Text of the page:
Kathmandu Holdings Ltd climbs on results – Is it the ASX’s best retailer?

Kathmandu appears to be the outstanding retailer on the ASX. But why?

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Outdoor clothing and adventure equipment retailer Kathmandu Holdings Ltd (ASX: KMD) today posted a 10.7% jump in net profit for the half-year ending January 2014. Sales were marginally up on the prior corresponding period but improved gross margins and cost management contributed to the bottom line growth.

Being New Zealand-based has been something of a double-edged sword for Kathmandu, as the appreciating Kiwi dollar has lowered Australian sales and earnings when translated back into its NZD reporting currency, however, the surging Kiwi economy likely contributed to rising sales in its home market.

While other mainstream clothing retailers like David Jones Limited (ASX: DJS) or Myer Holdings Ltd (ASX: MYR) have suffered declining sales in the face of increased high-street competition and online headwinds, Kathmandu appears to have a carved out a successful niche serving the quality outdoor equipment and clothing market. Super Retail Group Ltd (ASX: SUL) as owner of the BCF, Boating Camping Fishing stores, has disappointed in recent times, the stock price down around 7.5% from a year ago.

Kathmandu’s competitive advantage over other retailers appears twofold. Firstly, as a niche business it faces far less competition from low-cost, lower-quality competitors, that other mainstream apparel retailers have faced from European fast-fashion phenomenons like Zara and Topshop. This allows it to grow sales while maintaining and growing healthy margins.

Secondly, the online headwinds maybe less, as I suspect adventure equipment like backpacks and outdoor apparel are the kind of items people like to purchase in store, rather than online through cheaper but less recognised retailers. People are perhaps also more willing to pay a premium for one-off type necessary cost purchases such as travel equipment.

Australia and New Zealand make up almost all of total sales and the UK business has been a big disappointment. In my opinion the UK is not a natural market for a retailer like Kathmandu and the business may need to reconsider its strategy there once and for all. Other global markets such as North America would appear a much more natural fit for the Kathmandu business and although the monetary impact of the UK problems is relatively small, it’s significant in that its first venture outside of Australasia has not worked out well.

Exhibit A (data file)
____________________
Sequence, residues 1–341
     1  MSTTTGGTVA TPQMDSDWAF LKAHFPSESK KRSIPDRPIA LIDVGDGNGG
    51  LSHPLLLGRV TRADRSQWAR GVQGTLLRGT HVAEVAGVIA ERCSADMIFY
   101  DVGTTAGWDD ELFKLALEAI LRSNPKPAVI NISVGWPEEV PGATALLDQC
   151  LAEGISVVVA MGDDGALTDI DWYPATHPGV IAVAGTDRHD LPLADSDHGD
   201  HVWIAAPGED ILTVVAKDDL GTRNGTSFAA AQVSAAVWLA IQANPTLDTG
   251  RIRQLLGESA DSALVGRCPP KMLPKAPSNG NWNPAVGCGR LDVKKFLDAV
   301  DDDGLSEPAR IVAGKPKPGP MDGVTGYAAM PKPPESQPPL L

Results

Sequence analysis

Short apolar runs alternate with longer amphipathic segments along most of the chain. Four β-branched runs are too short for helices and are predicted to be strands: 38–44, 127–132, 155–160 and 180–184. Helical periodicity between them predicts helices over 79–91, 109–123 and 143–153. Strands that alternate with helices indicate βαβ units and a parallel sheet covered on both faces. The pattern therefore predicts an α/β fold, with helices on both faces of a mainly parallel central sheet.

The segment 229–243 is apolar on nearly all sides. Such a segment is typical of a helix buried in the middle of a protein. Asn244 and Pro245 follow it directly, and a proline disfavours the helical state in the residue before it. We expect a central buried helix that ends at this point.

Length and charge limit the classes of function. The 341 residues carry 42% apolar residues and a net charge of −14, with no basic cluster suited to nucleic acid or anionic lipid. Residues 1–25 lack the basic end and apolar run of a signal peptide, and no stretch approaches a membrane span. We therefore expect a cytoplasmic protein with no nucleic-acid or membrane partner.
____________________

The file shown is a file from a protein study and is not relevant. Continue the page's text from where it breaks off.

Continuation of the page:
The overall outlook for Kathmandu remains promising though. People will want to travel more and the group continues to grow organically through new store openings. Online sales are growing strongly and the big long-term opportunity remains for Kathmandu to develop its brand potential and online sales globally.

The group said trading has continued to be in line with expectations since the end of January with shares were up around 11% in trade today to $3.47. It will pay an interim dividend of NZ three cents per share fully franked for Australian shareholders, the payout represents 50%-60% of earnings leaving plenty left over for capital investment in further growth or increasing future dividends.

Foolish takeaway

Kathmandu’s UK business remains a loss-making headache that needs to be addressed as soon as possible. If necessary it could simply retrench to Australia and New Zealand while it refocuses its strategy.  It looks to be trading around fair value after today’s results and given the growth potential in Australia, New Zealand and online globally, it remains one of the best retail stocks available on the ASX.

Motley Fool contributor Tom Richardson owns shares in Kathmandu. You can find him on twitter @tommyr345

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